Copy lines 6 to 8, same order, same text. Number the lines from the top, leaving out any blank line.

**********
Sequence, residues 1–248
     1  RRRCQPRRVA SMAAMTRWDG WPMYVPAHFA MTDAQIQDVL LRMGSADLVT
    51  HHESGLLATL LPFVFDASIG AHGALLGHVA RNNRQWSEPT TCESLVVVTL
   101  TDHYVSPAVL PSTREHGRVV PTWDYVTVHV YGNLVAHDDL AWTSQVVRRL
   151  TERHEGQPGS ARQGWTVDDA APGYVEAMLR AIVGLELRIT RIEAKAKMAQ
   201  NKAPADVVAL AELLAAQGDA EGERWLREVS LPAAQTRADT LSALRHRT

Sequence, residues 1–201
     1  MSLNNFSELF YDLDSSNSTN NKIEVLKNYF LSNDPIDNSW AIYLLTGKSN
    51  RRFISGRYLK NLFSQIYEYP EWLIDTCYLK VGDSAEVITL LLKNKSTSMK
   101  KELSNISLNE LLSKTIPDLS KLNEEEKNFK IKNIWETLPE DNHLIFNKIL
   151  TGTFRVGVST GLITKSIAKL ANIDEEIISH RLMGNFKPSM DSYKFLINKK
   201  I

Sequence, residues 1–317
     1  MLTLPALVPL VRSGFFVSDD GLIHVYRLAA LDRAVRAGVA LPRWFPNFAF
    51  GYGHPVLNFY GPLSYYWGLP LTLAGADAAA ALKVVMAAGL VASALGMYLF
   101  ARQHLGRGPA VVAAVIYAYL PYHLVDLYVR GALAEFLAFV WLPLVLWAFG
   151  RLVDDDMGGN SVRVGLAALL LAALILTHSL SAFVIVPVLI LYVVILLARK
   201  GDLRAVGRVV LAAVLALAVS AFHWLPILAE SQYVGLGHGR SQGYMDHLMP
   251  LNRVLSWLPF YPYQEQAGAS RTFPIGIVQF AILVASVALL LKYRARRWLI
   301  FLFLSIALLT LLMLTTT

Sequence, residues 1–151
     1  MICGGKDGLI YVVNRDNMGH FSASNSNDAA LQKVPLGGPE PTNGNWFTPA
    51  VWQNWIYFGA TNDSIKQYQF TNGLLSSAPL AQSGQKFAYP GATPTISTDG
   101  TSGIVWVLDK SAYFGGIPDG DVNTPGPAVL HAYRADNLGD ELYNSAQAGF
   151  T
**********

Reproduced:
   201  NKAPADVVAL AELLAAQGDA EGERWLREVS LPAAQTRADT LSALRHRT

Sequence, residues 1–201
     1  MSLNNFSELF YDLDSSNSTN NKIEVLKNYF LSNDPIDNSW AIYLLTGKSN